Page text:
"Christopher Hitchens has made no secret of his disdain for religion. The central argument of his 2007 book God Is Not Great was: "Religion poisons everything."

"Nevertheless, in the May issue of Vanity Fair, Hitchens concedes that religion has made at least one positive contribution to society: The King James Bible. He says the language and imagery in this translation of the Bible is unrivaled by any other work of literature, except for maybe Shakespeare:

""A culture that does not possess this common store of image and allegory will be a perilously thin one. To seek restlessly to update it or make it "relevant" is to miss the point, like yearning for a hip-hop Shakespeare. "Man is born unto trouble as the sparks fly upward," says the Book of Job. Want to try to improve that for Twitter? And so bleak and spare and fatalistic—almost non-religious—are the closing verses of Ecclesiastes that they were read at the Church of England funeral service the unbeliever George Orwell had requested in his will: "Also when they shall be afraid of that which is high, and fears shall be in the way, and the almond tree shall flourish, and the grasshopper shall be a burden, and desire shall fail: because man goeth to his long home. ... Or ever the silver cord be loosed, or the golden bowl be broken, or the pitcher be broken at the fountain, or the wheel broken at the cistern. / Then shall the dust return to the earth as it was."""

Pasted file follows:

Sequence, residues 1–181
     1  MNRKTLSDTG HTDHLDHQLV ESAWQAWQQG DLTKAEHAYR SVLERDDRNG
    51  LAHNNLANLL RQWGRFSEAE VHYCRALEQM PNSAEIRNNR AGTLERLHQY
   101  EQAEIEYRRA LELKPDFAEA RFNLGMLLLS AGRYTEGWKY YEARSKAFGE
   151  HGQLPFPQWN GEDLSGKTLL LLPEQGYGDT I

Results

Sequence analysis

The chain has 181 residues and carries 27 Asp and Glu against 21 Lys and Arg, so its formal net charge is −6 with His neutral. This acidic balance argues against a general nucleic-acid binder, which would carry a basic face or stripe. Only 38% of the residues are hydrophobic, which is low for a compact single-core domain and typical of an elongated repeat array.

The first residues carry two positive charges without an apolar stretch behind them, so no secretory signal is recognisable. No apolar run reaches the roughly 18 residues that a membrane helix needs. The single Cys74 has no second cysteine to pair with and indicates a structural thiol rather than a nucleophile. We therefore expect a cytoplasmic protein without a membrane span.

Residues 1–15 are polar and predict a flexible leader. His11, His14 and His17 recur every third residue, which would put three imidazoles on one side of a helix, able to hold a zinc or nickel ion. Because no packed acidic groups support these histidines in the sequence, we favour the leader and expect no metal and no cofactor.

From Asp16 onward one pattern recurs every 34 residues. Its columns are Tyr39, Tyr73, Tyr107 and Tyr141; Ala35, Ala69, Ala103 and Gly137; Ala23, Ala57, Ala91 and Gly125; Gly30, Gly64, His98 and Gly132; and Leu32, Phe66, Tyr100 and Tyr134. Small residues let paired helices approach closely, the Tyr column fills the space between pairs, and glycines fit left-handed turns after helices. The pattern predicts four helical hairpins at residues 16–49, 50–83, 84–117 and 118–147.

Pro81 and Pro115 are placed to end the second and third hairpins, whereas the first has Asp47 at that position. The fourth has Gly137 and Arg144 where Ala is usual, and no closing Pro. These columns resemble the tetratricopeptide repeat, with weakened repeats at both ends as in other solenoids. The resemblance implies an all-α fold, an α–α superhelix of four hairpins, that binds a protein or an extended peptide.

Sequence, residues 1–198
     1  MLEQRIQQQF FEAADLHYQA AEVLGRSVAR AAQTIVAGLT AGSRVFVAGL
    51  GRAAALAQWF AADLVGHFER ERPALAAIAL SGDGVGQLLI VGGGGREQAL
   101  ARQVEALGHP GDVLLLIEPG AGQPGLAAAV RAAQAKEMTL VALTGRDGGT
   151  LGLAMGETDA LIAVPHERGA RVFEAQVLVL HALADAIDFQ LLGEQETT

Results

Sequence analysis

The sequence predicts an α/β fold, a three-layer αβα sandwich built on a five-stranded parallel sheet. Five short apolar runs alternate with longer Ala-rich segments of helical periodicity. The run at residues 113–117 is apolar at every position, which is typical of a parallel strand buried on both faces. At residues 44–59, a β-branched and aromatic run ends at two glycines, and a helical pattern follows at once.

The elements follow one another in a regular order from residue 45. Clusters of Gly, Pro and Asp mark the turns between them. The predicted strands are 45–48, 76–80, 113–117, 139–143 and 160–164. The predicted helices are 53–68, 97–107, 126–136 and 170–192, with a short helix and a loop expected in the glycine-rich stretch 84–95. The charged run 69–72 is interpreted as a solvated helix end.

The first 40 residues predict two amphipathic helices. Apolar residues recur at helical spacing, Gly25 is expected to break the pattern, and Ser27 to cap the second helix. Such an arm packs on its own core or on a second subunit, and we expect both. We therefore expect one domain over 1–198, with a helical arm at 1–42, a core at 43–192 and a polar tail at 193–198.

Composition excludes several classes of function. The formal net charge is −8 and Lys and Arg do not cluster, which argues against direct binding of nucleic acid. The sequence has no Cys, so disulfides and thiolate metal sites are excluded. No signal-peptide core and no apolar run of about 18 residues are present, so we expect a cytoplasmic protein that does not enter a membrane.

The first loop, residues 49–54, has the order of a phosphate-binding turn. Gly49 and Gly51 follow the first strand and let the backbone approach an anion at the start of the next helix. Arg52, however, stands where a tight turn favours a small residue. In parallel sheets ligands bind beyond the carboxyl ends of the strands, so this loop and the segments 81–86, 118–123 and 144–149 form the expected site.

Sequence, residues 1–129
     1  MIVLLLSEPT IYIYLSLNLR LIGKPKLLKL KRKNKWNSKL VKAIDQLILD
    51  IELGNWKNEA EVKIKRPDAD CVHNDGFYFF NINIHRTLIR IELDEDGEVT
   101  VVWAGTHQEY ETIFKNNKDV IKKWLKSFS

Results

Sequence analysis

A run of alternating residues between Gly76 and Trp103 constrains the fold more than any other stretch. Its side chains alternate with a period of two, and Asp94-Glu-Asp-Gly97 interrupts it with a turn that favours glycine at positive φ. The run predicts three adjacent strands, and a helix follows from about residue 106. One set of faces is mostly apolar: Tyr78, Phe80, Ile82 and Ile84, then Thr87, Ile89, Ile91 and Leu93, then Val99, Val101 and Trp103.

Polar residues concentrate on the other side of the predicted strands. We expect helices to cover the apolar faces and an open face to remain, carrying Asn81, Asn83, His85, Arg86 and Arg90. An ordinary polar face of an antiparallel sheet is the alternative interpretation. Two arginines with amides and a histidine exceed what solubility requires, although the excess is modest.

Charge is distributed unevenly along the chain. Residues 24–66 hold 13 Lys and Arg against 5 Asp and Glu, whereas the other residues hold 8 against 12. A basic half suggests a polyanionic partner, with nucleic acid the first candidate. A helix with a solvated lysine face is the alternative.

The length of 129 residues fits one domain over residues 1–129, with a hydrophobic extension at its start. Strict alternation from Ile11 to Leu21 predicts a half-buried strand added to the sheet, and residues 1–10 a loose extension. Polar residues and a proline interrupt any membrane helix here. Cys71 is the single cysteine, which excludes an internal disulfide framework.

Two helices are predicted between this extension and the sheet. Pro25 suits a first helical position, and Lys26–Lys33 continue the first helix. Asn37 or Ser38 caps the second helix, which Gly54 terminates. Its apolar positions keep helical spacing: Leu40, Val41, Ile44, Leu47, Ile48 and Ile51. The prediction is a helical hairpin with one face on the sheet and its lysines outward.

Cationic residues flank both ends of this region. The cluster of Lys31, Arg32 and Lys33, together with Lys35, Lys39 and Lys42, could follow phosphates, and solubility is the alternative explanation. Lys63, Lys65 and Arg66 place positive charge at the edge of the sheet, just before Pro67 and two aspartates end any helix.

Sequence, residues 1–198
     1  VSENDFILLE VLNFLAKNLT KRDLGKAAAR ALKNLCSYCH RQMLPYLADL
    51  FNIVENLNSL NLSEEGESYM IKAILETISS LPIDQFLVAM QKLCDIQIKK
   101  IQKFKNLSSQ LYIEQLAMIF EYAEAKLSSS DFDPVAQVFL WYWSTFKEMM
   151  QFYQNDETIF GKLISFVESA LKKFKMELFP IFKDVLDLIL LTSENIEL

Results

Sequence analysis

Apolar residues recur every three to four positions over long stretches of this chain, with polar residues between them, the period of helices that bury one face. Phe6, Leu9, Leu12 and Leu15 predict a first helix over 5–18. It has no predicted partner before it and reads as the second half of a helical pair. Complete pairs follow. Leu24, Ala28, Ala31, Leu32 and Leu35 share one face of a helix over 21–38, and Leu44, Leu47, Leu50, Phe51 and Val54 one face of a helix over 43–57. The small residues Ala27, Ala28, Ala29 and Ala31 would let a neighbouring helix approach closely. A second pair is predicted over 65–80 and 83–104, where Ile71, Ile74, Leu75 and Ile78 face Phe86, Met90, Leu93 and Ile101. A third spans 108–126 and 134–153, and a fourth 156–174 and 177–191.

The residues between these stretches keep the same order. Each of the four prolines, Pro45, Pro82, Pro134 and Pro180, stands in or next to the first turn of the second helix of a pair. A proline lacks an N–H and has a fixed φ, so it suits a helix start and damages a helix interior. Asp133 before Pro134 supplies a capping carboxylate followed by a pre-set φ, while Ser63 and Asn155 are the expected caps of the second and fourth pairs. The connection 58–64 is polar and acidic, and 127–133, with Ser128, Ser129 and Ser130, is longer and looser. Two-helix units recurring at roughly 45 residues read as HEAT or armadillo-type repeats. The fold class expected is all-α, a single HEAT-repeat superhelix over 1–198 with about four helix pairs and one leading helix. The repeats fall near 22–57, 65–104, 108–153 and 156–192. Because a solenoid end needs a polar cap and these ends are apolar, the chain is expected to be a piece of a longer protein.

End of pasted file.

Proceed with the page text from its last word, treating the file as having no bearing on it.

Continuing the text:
message 4: by MJD (new)

MJD | 331 comments For me I think that Seneca's comment in Letters from a Stoic on a good way to read and get stuff out of the works of Homer can apply to reading the Bible as literature.

[Quote below taken from the following website]